Sometimes dubbed the “longevity molecule,” resveratrol is notably packed with anti-aging properties. Typically found in the skin of dark fruits like wine grapes and berries, this antioxidant is known to possess anti-inflammatory, antibacterial and antifungal properties. These properties can help soothe the skin, slow down signs of aging, and may even prevent the onset of infection. Enjoy the benefits of resveratrol in our Does It All Sheet Mask.
Vitamin E is an essential antioxidant that many of our organs need in order to function, and this includes the largest organ of all–the skin. Vitamin E is renowned for its affinity for boosting healing in the body, including the skin, making it quite popular in topical products like antibiotic creams, moisturizers, cleansers, and serums. It’s particularly popular for conditioning the skin, replenishing moisture, and protecting from cold, dry weather. You can find vitamin E in many of our products including our Multi-Vitamin + Antioxidants PM Eye Treatment and our Multi-Vitamin + Antioxidants PM Facial Oil.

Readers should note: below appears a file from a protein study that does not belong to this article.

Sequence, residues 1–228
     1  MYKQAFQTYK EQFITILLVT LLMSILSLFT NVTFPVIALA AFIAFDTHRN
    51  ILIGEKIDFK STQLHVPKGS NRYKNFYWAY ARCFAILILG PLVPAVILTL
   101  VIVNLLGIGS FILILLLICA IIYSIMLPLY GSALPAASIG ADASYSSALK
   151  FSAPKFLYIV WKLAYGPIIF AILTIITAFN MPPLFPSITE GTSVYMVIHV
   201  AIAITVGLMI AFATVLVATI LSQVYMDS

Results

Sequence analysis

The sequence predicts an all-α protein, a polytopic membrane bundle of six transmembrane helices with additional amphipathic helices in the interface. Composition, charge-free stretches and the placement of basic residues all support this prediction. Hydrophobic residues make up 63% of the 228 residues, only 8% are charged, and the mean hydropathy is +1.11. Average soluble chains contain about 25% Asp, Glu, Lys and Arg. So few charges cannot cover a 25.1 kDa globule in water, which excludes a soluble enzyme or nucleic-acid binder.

Epigallocatechin, often referred to as “EGCG,” is an antioxidant found in green tea, and it’s known for not only its anti-inflammatory properties, but also for its ability to prevent the development of acne in the skin. EGCG provides a myriad of health benefits throughout the body, but benefits for the skin include firming, clearing, and tightening. You’ll find EGCG in our Green Tea EGCG Concentrate Cream and our Green Tea EGCG Concentrate Cream.
- Tags: January-2023, Skin Care, skincare
We carefully hand-select products based on strict purity standards, and only recommend products we feel meet this criteria. 100% PURE™ may earn a small commission for products purchased through affiliate links.
The information in this article is for educational use, and not intended to substitute professional medical advice, diagnosis, or treatment and should not be used as such.